After you recruit Huey Emmerich, he makes a big deal out of his development of Battle Gear. You are encouraged to visit his lab occasionally to see how progress on the robotic tank is coming along. You are even treated to a sequence of brief cutscenes that highlight its different phases of development. Then, when the impressive war machine is finally done…nothing. Battle Gear doesn’t do anything cool or figure into the gameplay at all. All you can do with it is send it on the final few “combat deployment” missions – off-screen affairs that occur in real-time while you’re doing other missions. Hideo Kojima revealed that the original intent was to allow players to bring Battle Gear into missions and pilot it, but the collector’s edition of Piggyback Interactive’s MGS V strategy guide says this feature was cut for balance reasons. Remember, this is a game that lets you develop a suit that makes you invisible and a bandana that gives you infinite ammo, so the whole “balance reasons” excuse doesn’t hold up. Who cares if it’s overpowered? Playing through missions with this heavily armed beast would be a blast.
As I noted in my review, the multiplayer F.O.B. matches don’t add much to the overall experience. Players hoping for a purely single-player Metal Gear can safely avoid them…until they hit the post-game wall. Eventually, the number of resources you can collect and the number of staff members you can hold plateau, slowing down your base expansion and item development. If you want to keep advancing at a reasonable pace, you practically need to start a Forward Operating Base. While this increases your production capabilities, this online-only feature also makes you vulnerable to attack from other players and puts your hard-earned resources at risk of being stolen by invading players. You can play offline to avoid the constant attacks, but then you can’t access any resources your F.O.B. stores. Even worse, when you go back online, you might find that your resources have been cleaned out after multiple invasions. The Phantom Pain needs a middle ground: a way for players to continue their progression at a solid pace without requiring participation in the defend/invade F.O.B. missions. Oh, and while we’re at it, get rid of those gross microtransactions, too.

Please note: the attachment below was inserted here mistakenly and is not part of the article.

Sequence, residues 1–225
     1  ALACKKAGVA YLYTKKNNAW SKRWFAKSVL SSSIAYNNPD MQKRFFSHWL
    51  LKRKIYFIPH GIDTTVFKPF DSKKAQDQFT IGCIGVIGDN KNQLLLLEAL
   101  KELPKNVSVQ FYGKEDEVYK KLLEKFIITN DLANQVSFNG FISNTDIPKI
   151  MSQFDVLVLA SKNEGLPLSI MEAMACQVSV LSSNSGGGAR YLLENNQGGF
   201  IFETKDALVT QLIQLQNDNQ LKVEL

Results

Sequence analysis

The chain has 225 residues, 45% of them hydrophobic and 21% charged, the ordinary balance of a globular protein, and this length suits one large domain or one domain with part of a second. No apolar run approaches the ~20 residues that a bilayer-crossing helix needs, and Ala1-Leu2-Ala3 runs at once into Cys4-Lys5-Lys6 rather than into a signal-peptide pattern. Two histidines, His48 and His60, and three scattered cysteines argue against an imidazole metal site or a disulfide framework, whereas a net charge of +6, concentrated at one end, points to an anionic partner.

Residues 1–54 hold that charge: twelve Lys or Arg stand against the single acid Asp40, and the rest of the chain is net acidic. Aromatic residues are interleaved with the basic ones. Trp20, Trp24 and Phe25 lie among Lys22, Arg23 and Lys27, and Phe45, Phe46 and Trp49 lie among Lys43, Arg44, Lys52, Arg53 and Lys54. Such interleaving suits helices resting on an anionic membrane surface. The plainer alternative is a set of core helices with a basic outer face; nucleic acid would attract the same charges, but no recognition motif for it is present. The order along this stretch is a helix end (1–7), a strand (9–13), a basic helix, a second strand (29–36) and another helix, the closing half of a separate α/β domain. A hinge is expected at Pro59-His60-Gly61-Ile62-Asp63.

David Hayter Voice Pack
Many fans were shocked to learn that actor Kiefer Sutherland would be replacing David Hayter as the voice of Big Boss. Some even held out hope that this move was an elaborate ruse to disguise the fact that Hayter would be returning to voice Solid Snake in some capacity for The Phantom Pain. We now know that isn’t the case. Sutherland does a fine job in this role, but the fact remains that Metal Gear fans have associated Hayter’s voice with Snake for over 15 years. The break in continuity is strange, and the switch doesn’t have any major benefits – especially considering how little Snake speaks in Ground Zeroes and The Phantom Pain compared to other titles. Get Hayter in the studio to re-record all of the lines (like Destiny did), and then let players choose which performance they want to use for their playthroughs.
No game is perfect, and despite this wish list, The Phantom Pain still does a lot of things right. However, wanting a good game to be even better isn't completely unreasonable. Share your dream additions to The Phantom Pain in the comments below!